I have a habit of turning any sightseeing visit into a running event. The year before COVID I took advantage of a business trip in Europe to meet up with my son who was doing a gap year in England. We headed to Israel for a few days to see family. As a family, we’ve been to Israel many times and my sons, though feeling no real religious connection or affiliation, do feel a strong familial connection with the country. The food, the language, the heat – it has an unmistakable feeling.
A favourite place of ours to visit is Masada – the hilltop fortress in the desert. For those who haven’t heard of the place, it’s quite an inspiring location. King Herod, not unlike politicians of today, was quite keen on creating edifices and so he built himself a bunch of incredible fortresses all around the country. One of these was on the top of a mountain in the middle of the desert in Southern Israel.
Around 2000 years ago, the Romans destroyed Jerusalem and a small group of Jewish rebels fled south to that mountaintop of Masada. There they holed up and enjoyed the plentiful supplies that Herod had put down many years before. The Romans were however a stubborn bunch, and couldn’t abide by the fact that a small group of Jews had survived. Thus the Romans laid siege to the mountain. For three years, the Romans built a ramp up the mountain using slave labour. On the night before the Romans breached the walls, the Jews all committed suicide lest they’d be taken prisoner and enslaved to the Romans.
200 years ago, when Jews were living in the ghettos of Poland, they would cower every Easter as priests from the surrounding areas would work their congregants into a fervour with tales of blood libels and ritualistic sacrifice. These Jews would sit there meekly, as their sometimes neighbors came and murdered them in cold blood.
Only 80 years ago, and other than a few examples of resistance, Jews filed into the gas chambers having been taken there in cattle trucks. Taken from countries that they had called home for generations.
You see for Jews, antisemitism of an extreme and violent nature is something that we have grown used to. It would be easy to think for us sitting here in comfortable and apparently safe New Zealand that extremism is something that couldn’t happen to us. And yet we all remember what happened in Christchurch a few years ago. And for us Jews, we only needed to look at our TV screens a couple of nights ago to see scenes from the Sydney Opera House. Protesters burning Israeli flags and chanting “Gas the Jews.”
This perennial antisemitism is why, in 1897, Theodore Herzl convened the first-ever World Zionist Congress. Exposed to antisemitism of an insidious nature in Western Europe Herzl realized that until the Jews had a homeland of their own, they wouldn’t really be free of persecution. They would forever be reliant on the grace (or lack of) their host countries held for them.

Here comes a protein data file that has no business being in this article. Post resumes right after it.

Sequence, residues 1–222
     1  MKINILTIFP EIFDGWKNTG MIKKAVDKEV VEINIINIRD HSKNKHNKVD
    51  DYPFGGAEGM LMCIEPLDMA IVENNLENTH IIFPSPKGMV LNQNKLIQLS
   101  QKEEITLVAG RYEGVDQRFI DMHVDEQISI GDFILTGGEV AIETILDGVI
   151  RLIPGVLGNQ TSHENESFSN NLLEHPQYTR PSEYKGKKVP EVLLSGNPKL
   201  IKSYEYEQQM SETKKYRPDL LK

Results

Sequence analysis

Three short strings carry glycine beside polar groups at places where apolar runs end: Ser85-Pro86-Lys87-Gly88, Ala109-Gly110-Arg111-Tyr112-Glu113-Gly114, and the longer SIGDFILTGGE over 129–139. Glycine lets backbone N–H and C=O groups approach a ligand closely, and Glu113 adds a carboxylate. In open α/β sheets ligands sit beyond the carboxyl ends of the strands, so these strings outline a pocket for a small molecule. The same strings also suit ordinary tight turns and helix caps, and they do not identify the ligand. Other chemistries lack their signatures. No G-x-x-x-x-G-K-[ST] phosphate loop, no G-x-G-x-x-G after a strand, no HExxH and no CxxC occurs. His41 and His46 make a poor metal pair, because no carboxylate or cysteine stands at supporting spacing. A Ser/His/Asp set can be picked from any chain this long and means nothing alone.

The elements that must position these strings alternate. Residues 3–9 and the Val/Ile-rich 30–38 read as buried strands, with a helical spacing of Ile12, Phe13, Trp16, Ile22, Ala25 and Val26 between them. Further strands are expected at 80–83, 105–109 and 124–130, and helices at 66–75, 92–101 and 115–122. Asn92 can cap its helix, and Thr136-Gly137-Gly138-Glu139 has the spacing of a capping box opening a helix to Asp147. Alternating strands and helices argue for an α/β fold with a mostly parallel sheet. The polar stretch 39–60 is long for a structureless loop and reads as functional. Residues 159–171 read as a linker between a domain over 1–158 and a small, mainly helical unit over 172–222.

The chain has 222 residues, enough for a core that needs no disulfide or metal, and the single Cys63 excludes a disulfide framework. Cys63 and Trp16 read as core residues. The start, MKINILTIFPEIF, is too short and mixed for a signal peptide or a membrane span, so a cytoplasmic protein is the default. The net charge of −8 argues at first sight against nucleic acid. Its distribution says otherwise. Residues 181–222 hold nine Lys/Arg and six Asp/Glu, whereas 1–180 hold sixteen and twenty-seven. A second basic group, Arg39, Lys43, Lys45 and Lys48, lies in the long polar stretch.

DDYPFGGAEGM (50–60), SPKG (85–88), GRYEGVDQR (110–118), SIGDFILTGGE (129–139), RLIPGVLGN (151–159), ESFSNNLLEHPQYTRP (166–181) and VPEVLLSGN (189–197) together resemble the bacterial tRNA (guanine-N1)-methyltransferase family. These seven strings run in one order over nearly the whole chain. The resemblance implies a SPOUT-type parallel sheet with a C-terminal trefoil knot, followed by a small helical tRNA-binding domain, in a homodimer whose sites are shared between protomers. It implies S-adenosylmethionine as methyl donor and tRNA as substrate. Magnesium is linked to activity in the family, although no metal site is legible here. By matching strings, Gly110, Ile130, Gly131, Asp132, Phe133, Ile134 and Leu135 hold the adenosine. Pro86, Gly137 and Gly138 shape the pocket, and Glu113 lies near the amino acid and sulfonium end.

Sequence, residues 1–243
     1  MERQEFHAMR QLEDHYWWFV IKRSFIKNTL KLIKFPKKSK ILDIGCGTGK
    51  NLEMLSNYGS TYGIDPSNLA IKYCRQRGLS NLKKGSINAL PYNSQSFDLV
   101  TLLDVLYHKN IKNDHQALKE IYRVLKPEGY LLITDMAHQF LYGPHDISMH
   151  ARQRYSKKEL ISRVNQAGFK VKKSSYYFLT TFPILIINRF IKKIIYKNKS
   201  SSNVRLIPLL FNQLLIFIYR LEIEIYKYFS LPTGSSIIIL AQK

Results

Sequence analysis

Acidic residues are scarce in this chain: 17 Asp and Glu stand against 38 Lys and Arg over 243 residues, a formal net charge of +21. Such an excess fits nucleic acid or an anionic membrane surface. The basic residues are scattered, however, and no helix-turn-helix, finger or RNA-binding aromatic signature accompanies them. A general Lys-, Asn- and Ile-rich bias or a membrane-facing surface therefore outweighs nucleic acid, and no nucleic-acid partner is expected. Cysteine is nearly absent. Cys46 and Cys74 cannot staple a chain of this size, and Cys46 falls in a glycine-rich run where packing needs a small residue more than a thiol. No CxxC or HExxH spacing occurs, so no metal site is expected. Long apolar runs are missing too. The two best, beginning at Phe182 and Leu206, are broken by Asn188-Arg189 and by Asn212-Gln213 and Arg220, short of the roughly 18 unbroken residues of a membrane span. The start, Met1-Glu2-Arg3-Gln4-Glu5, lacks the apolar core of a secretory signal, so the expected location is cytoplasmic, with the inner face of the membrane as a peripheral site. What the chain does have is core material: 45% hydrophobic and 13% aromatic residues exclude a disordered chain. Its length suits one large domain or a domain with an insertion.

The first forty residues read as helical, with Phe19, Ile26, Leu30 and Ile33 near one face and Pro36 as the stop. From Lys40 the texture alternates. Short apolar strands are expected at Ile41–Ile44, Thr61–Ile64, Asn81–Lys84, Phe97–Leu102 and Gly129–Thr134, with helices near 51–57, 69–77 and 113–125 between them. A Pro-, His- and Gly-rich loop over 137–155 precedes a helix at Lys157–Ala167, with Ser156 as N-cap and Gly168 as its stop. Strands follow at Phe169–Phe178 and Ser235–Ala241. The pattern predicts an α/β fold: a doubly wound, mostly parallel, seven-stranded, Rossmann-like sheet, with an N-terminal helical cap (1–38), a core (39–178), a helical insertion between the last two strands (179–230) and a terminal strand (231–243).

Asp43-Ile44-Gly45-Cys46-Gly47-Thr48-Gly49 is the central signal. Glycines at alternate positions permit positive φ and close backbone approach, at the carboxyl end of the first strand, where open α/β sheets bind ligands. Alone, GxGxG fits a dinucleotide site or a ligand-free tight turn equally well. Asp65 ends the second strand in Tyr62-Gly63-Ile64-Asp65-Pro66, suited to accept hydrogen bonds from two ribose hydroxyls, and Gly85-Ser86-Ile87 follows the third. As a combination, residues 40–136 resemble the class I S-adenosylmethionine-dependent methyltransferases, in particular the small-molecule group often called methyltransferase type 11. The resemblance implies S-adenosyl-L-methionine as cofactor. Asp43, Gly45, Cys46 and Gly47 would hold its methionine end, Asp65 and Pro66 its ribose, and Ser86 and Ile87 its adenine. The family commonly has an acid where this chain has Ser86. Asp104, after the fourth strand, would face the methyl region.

And so in 1948, although he wasn’t alive to see it, Herzl’s dream came to pass and the State of Israel was formed. For the first time in 2000 years, Jews could actually look to a homeland.
It’s certainly not a perfect homeland. I would be the first person to admit that there have been significant missteps on a social, a cultural, a political and a human level. Let’s address the elephant in the room. I firmly believe that Israel’s handling of people in the West Bank and in the Gaza strip has left much to be desired. But none of this changes the very real fact that all around the world there are people chanting “Gas the Jews” and painting swastikas on synagogue walls.
And the one place where we have the autonomy to determine our future, and not be reliant on being hosted by others, is Israel.
As a Jew and someone whose relatives mainly live in Israel, it is incredibly distressing to see New Zealand politicians chant Hamas slogans that specifically call for the destruction of Israel. They are directly calling for the murder of myself and my family. It is, however, yet another reminder that it has only been since 1948 that the Jewish nation has had a place that they have had the autonomy to defend. Yes, it’s cost a huge price and has had unfortunate collateral damage. But scenes of Hamas militants indiscriminately murdering women and children and dancing and cheering over their bodies should be a chilling reminder to all as to why Israel has a right to defend itself.
Some units in the Israeli army have their graduation ceremonies atop Masada. At those ceremonies, graduates take an oath that “Masada shall not fall again.” Those aren’t dramatic and cliched utterances, they are a very real commitment to defend the State of Israel at all costs. Thousands of years of persecution and broken promises show there is no other option.